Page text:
In memoriam: Roger C Schank, theorist of AI, dies at 76
By Steve Lohr
Roger C Schank, a scientist who made influential contributions to the field of artificial intelligence and then, as an academic, author and entrepreneur, focused on how people learn, died on Jan. 29 in Shelburne, Vt. He was 76. Dr. Schank’s research combined linguistics, cognitive science and computing. In a 1995 essay, he described the common theme of his varied projects in academics and business as “trying to understand the nature of the human mind” and “building models of the human mind on the computer.”
In the late 1960s and ’70s, Dr. Schank developed ideas for how to represent in symbols for a computer simple concepts — like people and places, objects and events, cause-and-effect relationships — that humans describe with words. His model was called “conceptual dependency theory.” Dr. Schank later came up with ways to assemble this raw material of knowledge into the equivalent of human memories of past experience. He called these larger building blocks of knowledge “scripts” and regarded them as ingredients for learning from examples, or “case-based reasoning.”
“When I was a graduate student in the late 1970s, Roger Schank was required reading,” Steven Pinker, a cognitive psychologist at Harvard University, wrote on a memorial website. “He was regarded as one of the major researchers and theoreticians in artificial intelligence and cognitive science.”
But Dr. Schank’s ideas were introduced in the early days of A.I., when computers were big, slow and expensive. Trying to program a computer to execute his ideas proved impractical. And eventually, progress in A.I. came from statistical pattern-matching instead of from seeking to teach computers to reason as people do.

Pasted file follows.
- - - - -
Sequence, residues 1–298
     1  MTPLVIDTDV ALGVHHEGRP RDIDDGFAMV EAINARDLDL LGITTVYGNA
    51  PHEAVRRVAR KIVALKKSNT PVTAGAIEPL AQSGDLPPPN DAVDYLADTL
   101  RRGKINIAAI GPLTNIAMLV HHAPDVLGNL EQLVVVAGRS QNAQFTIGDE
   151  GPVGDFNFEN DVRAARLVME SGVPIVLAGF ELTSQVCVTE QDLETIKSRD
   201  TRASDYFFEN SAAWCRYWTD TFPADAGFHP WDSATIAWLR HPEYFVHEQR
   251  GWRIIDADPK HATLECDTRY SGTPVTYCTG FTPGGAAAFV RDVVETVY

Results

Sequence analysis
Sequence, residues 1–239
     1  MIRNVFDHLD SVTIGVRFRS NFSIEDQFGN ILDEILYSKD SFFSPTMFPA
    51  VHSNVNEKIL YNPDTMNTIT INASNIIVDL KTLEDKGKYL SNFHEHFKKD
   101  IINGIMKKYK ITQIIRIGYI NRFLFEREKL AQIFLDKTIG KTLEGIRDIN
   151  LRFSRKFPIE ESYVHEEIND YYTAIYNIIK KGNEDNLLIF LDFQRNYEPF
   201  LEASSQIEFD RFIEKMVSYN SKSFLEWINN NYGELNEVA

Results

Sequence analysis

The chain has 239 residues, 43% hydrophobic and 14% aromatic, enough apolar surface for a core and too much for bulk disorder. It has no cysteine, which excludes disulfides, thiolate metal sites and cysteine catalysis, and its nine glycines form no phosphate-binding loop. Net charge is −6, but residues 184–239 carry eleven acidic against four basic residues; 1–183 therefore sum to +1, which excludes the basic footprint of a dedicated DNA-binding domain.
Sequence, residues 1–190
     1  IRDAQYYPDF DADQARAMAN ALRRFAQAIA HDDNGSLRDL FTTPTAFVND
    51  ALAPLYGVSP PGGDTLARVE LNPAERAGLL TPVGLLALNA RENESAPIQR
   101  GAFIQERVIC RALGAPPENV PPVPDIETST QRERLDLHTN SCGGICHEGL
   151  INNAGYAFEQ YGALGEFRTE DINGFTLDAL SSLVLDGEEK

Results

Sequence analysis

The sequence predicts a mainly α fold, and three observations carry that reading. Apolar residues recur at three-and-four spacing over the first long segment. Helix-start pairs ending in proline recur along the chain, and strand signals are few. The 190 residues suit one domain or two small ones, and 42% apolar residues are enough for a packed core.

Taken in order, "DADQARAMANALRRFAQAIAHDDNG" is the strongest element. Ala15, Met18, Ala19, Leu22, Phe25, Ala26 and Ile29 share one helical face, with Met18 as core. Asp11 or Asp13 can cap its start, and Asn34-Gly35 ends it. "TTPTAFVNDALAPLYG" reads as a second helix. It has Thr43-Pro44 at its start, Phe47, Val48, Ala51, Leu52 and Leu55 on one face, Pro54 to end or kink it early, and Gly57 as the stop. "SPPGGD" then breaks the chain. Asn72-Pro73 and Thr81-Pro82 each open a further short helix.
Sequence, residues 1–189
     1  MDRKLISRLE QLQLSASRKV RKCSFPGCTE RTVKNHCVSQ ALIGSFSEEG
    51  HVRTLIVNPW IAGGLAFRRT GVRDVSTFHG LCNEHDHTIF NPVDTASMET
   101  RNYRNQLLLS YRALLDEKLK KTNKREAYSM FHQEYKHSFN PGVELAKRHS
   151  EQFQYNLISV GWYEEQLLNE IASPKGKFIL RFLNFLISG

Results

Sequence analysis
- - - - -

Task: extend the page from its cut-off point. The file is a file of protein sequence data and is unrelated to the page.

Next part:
Especially over the past decade, the statistical pattern-matching path — fuelled by vast stores of data and lightning-fast computers — has delivered striking gains.
The newly famous ChatGPT, a giant software program that digests digital text from websites, books, news articles and Wikipedia entries, is a good example. When someone types in a question or request, ChatGPT’s powerful pattern-matching algorithms can generate poems, speeches and homework papers with remarkable, human-seeming fluency. But an A.I. program like ChatGPT has no semblance of common sense or real-world understanding, so it can also produce bizarre mistakes, racist and sexist screeds, and weird rants.
Those shortcomings, computer scientists say, could open the door to a revival of the ideas Dr. Schank advocated years ago. Adding facts about the physical world and structured reasoning, they say, could overcome the weaknesses of the new programs, which are called large language models. “These models can do amazing things, but they need to be steered,” Kristian Hammond, an A.I. researcher at Northwestern University and a former student of Dr. Schank’s, said by phone. “Roger Schank’s work now has the partner technology, in large language models, to become real.”
“I think that’s going to end up being part of his legacy,” Dr. Hammond said.
Steve Lohr is a journalist with NYT©2023
The New York Times
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